Such instructions seemed totally bizarre to me and I knew that when I inherited children from previous teachers, it was the strugglers who resorted to guessing and it was the lack of blending which held up progress. Children I received from teachers who had taught with these guessing strategies made up not only single words, but also frequently whole phrases! Here was the state-of-the-art NLS telling me to teach in this way and I was shocked and dismayed. Further, the original Framework for Teachers (yet to be modified or discarded) spread the teaching of a few digraphs over the three years of reception, year one and year two. This was nonsensical and yet when I questioned my literacy adviser, she supported the advice – although to give her credit she also forwarded my evaluation sheet of the training to Dr Laura Huxford. Dr Huxford kindly phoned me to discuss my comments, but we had to agree to differ. This has been the pattern ever since – having different views and moving no further forwards. 

About a year after the introduction of the NLS, the Progression in Phonics manual was brought out with attempts to speed up the introduction of the phonemes. The Reading Searchlight Strategies were again promoted on page 1. The disc which accompanied this publication showed whole language guessing strategies under the very section of ‘phonics’. 

The NLS throws all levels of knowledge and skills at the children through its Literacy Hour format of word, sentence and text level. Every day, children will be presented with levels of work beyond them, and precious teaching time is squandered on over-complicated activities which require a lot of preparation. 

This 'word, sentence, text' principle, which is the same for every year throughout the primary school, is a glaring mistake.  With correct teaching in the infant years, far greater emphasis should be placed on text level and extended writing in the junior years. Rigorous and systematic phonics teaching in the infant years should have laid down the foundations for a different approach to literacy at key stage 2. The Literacy Hour format at this stage could aptly be described as a ‘white elephant’. 

Graham Frater in his book Effective Practice in Writing at Key Stage 2 states diplomatically how a variety of leading schools with reduced reading/writing gaps have ‘adopted, adapted and extended’ the National Literacy Strategy. He describes the features they have in common; they ‘discarded the literacy hour’s clock (i.e. its recommended partitioning of lesson time), but retained its emphasis on pace;’ ‘ensured that extended time for extended writing was frequently and regularly available;’ and ‘commonly gave text level work the clear priority in their plans and lessons alike.’ Does this sound familiar?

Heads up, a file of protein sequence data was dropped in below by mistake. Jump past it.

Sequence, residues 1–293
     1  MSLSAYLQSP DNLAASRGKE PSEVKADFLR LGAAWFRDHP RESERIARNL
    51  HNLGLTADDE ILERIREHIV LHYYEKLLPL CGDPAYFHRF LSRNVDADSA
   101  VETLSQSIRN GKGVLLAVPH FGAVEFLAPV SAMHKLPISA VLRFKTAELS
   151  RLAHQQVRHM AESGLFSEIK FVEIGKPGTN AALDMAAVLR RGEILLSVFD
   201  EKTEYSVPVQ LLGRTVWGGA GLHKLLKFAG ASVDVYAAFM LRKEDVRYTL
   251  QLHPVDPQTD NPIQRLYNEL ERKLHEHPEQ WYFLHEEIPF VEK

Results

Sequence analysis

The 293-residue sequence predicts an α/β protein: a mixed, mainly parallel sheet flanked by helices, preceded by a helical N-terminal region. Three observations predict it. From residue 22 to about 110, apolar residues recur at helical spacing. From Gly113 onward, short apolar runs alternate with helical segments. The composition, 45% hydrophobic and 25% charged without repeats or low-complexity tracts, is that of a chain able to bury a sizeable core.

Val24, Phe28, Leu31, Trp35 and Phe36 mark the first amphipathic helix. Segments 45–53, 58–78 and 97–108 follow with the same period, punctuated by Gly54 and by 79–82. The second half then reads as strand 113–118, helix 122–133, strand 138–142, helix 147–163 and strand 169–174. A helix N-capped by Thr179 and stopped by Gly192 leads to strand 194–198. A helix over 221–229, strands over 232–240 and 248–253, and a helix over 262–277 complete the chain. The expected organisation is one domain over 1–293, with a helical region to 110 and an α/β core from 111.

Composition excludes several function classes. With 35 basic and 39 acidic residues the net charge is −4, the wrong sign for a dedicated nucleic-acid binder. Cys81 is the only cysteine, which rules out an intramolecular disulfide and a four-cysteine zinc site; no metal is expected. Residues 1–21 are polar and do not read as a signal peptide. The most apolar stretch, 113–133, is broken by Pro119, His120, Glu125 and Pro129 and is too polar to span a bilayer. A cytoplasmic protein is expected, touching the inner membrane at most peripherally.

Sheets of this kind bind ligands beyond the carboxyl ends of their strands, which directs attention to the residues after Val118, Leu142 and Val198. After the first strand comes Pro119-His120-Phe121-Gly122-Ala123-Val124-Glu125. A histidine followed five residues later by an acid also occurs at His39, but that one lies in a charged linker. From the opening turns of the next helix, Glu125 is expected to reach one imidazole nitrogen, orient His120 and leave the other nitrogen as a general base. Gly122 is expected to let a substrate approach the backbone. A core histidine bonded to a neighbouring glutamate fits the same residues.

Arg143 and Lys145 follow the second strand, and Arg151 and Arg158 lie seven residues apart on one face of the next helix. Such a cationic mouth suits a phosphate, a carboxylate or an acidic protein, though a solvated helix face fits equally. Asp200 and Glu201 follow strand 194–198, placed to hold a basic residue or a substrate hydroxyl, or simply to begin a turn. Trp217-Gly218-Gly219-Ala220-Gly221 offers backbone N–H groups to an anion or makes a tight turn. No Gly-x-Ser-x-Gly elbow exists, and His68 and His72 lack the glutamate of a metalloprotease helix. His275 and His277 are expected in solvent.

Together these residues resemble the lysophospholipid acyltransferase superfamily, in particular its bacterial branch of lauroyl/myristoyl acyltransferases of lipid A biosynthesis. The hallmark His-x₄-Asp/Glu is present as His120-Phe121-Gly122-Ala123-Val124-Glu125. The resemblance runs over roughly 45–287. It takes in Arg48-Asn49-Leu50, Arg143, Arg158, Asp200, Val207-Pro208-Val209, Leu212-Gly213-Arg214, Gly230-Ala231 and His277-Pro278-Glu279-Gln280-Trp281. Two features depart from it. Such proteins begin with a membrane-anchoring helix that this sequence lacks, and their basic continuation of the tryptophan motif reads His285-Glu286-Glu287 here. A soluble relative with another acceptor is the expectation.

Frater then also says in his evaluation; ‘As will emerge, still less can the survey schools’ achievements be attributed to their adhering exclusively, or even always closely, to the NLS’s recommendations. All these schools did much more than the NLS prescribes, and they sometimes did it differently.’ [Frater’s italics] 

If such schools have achieved a higher measure of success than others, then surely those aspects which they have in common should be noted. It could well be that not only is the NLS flawed badly in the early years, but it also needs considerable rethinking for key stage 2. We need the kind of feedback that Frater has afforded us, but we also need to stop speaking as if the NLS is something to be revered and preserved. It should be acceptable to say something is not right about it, so let’s adjust it accordingly. This should involve taking it apart entirely and examining all its elements with no sentimentality or loyalty whatsoever. We can preserve or modify the best bits, add others where necessary and discard the parts which consensus or evidence show to be flawed. 

The DfES must also stop rolling out initiative after initiative trying to make a silk purse out of a sow’s ear. It is simply not acceptable to conduct pilot studies without pre- and post- testing using  standardised tests and without control and comparison groups. It is time that we were all allowed to have a fresh look and moved on from the original. 

Notes relating to the teaching of reading in the NLS 

STRUCTURE:

  • The NLS is organised on a year-by-year basis, irrespective of whether the children can decode.
  • Equal emphasis is placed on comprehension and on decoding at a time when the children cannot decode.
  • The structure is the same for all children, regardless of their stage of learning or their abilities; for example, ONLY 15 minutes of word level work is allotted whether or not the child can actually read.

PHONICS:

  • Because the NLS 200 words are lumped together for children to learn by 7, teachers invariably teach them by ‘look and say’ (as noted in HMI report Teaching of Phonics, October 2001). Most of these words are phonically regular and learning through look and say does not develop any decoding skills for the learning of the ‘next’ word.